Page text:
The Literary Gentleman

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I really enjoyed writing Fine Art, (which, wow, was already a full year ago) so I have been thinking about doing another. We’ll call this a spin-off.

As it turns out, matching style to literary eras, is a lot trickier than art. Art comes with colors and shapes and things you see in clothing. Literature…does not. So the resulting piece is a little bit about the style of the , a little bit about the style of the writing, and a little bit about the flavor of the authors…I hope.

The Lost Generation – World War I 

The most recent of the three eras I’m going to touch on, the Lost Generation is marked by notable figures like Ernest Hemingway, F. Scott Fitzgerald, James Joyce, and T.S. Eliot. The phrase supposedly comes from Gertrude Stein telling Hemingway the following, “That is what you are. That’s what you all are … all of you young people who served in the war. You are a lost generation.”

Wartime and the experiences there are fundamental to the Lost Generation aesthetic, as is the rejection of wealth. Think Great Gatsby – the moral, not the man.

Wear: Tight Short-Sleeved Button-ups, Suspenders, Khakis, Cuffed Jeans, and Coats with Sheepskin Collars.

Lit Gent

The Victorian Era – 1837-1901

Ah, the fin de siècle, what a wonderfully weird time in literature and history. Now, we often think of the Victorian Era as very buttoned-up, conservative, and proper, but oh hoho, is that ignoring so much of what was churning below. One of my favorite classes in Uni was called Fin de Siècle: Decadence and Degeneration. That should tell you something. While the visible culture was often quite proper, monsters, faeries, murderers, and debauchery were increasingly popular in books and entertainment.

Wear: Deep Blues and Purples, Crisp Button-ups, Tall-Collared Coats, Subtle Mixed Patterns

litgent

The Romantics – approx. 1770 – 1848

Right up front, we should address the fact that the Romantic Period is my favorite literary period, partly due to my overwhelming love for John Keats. (How many times can I legitimately mention Keats on a fashion blog? We shall see).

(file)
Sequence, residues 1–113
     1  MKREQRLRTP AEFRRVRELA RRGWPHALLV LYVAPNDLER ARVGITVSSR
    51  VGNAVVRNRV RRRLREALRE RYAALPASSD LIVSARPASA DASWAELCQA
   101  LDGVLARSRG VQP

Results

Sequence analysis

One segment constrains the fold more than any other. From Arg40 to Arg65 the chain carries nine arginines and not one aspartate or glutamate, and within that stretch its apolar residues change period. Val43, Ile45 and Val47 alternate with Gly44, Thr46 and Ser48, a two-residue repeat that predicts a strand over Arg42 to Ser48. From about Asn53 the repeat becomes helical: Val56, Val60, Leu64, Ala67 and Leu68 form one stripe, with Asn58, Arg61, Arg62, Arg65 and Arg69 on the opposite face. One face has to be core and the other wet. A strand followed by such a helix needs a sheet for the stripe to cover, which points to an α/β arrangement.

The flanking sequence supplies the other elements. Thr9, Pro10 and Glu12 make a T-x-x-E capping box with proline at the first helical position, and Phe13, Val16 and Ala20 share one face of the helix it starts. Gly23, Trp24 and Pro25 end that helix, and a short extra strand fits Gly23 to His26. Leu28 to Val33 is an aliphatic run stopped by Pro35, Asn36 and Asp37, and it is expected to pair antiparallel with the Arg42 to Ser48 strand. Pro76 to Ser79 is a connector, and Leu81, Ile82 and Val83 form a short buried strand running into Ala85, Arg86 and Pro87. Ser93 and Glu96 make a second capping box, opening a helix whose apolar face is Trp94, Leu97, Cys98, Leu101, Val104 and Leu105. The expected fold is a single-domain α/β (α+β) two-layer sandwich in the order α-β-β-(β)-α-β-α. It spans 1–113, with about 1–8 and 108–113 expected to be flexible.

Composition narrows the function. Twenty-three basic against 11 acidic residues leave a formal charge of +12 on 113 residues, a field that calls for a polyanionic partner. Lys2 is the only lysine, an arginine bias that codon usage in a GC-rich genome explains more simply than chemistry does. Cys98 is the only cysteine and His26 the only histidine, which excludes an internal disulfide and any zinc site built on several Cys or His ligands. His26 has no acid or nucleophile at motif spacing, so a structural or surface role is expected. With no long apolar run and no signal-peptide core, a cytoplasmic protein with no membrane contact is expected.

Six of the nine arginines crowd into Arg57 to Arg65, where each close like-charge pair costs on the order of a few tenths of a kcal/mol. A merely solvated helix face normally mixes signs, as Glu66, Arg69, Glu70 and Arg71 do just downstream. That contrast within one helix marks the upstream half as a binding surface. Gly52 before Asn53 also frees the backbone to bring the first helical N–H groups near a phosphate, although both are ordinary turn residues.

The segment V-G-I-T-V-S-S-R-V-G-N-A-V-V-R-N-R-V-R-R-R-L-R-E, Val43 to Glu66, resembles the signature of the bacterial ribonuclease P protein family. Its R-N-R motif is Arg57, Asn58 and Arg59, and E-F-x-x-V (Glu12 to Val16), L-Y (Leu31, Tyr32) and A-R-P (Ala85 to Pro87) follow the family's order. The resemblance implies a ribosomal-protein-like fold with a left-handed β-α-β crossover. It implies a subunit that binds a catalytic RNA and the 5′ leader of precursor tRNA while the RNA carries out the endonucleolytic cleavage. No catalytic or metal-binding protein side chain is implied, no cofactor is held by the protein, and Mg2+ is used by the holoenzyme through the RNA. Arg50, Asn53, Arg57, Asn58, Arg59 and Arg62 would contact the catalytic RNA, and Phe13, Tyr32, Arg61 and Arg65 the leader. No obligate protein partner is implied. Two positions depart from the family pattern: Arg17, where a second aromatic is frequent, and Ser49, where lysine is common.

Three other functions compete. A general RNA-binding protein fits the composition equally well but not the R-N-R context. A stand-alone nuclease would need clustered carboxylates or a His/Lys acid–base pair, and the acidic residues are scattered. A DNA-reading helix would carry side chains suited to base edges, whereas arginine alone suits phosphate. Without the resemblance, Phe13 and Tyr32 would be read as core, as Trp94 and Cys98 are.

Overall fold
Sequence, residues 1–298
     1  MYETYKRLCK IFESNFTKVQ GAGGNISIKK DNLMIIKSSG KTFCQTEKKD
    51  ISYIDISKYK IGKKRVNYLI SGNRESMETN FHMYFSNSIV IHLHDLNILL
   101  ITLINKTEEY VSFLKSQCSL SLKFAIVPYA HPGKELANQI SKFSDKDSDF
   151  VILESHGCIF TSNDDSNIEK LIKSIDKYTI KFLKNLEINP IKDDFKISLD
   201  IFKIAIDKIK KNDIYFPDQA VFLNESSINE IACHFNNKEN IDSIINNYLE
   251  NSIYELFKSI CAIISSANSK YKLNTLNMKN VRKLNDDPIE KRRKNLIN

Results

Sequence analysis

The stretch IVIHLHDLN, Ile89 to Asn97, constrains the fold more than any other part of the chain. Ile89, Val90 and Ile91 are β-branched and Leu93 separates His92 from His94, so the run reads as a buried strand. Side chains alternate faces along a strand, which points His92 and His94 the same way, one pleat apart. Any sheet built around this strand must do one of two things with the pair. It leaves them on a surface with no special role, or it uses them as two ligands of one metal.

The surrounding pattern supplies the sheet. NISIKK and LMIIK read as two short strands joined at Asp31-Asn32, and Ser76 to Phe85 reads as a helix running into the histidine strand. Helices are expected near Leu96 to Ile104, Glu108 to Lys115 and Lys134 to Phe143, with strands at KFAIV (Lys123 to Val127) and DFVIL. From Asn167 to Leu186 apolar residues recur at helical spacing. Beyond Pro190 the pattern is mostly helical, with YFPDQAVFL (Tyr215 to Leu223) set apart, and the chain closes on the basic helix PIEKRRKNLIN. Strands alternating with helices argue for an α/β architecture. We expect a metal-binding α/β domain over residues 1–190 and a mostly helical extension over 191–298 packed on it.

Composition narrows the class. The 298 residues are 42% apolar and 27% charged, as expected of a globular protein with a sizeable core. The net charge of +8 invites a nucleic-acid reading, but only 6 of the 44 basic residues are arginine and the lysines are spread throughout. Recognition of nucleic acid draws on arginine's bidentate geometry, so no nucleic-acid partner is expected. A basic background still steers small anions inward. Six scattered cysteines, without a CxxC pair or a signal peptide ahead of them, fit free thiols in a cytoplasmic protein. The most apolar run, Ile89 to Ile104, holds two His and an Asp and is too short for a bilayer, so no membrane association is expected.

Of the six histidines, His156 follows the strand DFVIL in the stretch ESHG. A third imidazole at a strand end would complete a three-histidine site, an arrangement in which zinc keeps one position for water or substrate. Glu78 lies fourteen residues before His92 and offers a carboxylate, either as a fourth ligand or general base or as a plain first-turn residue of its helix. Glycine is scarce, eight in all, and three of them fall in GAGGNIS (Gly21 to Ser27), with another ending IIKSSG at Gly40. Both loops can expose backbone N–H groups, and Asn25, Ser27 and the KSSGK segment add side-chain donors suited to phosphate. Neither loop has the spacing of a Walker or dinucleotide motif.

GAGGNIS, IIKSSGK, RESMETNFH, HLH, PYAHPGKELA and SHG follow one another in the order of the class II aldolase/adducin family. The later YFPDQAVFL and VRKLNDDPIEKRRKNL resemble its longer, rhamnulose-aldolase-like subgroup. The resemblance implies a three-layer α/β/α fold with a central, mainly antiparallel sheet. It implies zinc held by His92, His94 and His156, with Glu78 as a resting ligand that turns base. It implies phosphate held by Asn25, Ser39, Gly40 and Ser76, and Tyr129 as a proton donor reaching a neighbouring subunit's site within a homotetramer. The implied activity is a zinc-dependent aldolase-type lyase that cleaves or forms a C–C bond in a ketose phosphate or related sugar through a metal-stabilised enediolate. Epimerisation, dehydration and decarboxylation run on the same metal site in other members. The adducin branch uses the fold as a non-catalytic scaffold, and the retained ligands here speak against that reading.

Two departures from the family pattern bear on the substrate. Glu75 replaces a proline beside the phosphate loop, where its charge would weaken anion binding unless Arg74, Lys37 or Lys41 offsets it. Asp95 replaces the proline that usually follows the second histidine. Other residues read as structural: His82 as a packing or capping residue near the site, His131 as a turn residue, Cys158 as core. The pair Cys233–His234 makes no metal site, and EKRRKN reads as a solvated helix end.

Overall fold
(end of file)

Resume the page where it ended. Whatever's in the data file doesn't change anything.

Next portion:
The Romantics are in part a rejection of the Industrial Revolution, embracing nature and individuality in a rapidly changing Europe. They were introspective, restless, and extremely emotive writers. They ranged from the elderly William Wordsworth to the, uh, lusty Lord Byron, and their works span a myriad of subjects.

The Romantic’s love of aesthetic and the marrying of awe and horror, results in some of the most purple and rich language and messages informed by true emotion first and foremost.

Wear: Floral Prints, Pastels, Overly-large Wool Coats, Rumpled Suits, Disheveled Hair, Layers

Lit Gent1

Man-Buns: Not for Everyone

My co-worker and I had a long discussion the other day about the man-bun and the inevitable accompanying beard. You see, one of my friends has had long hair for about the last four years and now has a rather excessive beard. It wasn’t a problem at first, but I’m afraid it has now gone on too long. Because, you see, this man-bun look that is rapidly gaining popularity only really works on the un-real.

On the fictional, the famous, the other-worldly.

In terms of male hair trends, long hair is hard to pull off and it is hard to maintain.

It shows grease (if you think greasy hair is good looking, you are looking at professionals who have been styled and primped, it doesn’t look that goo naturally) and doesn’t always fall the way you want it to and can generally be a mess.

But it can also look good.

man-bun

And that’s the tricky part because they look better a little messy. A little texture can go a long way when trying the man-bun, so it is best recommended for those with curly or wavy hair. Hozier’s hair is the perfect example. The natural wave and body looks good down and long or up.

Scruff also helps balance out the man-bun. Whether because there is a lot going on on top or because the bun is too slick, the scruff balances the face, while also adding a little ruggedness. But, do not let your facial hair go any farther than scruff or a really well trimmed beard. Any more and it veers into mountain man territory. (I know LumberSexual is a thing, but they are not the same thing, trust me, I’m a Westerner)

more man-buns

But here is what it ultimately boils down to, all of the men above are pretty darn attractive, but the vast majority are more attractive with shorter hair. That may be personal opinion, but like my co-worker and I said at the beginning, you pretty much have to be un-real to have a man-bun look good all the time. If you are going to go for it, just know it won’t always look great, that sometimes you will fight with it, and it will drive you nuts at some point. So choose wisely.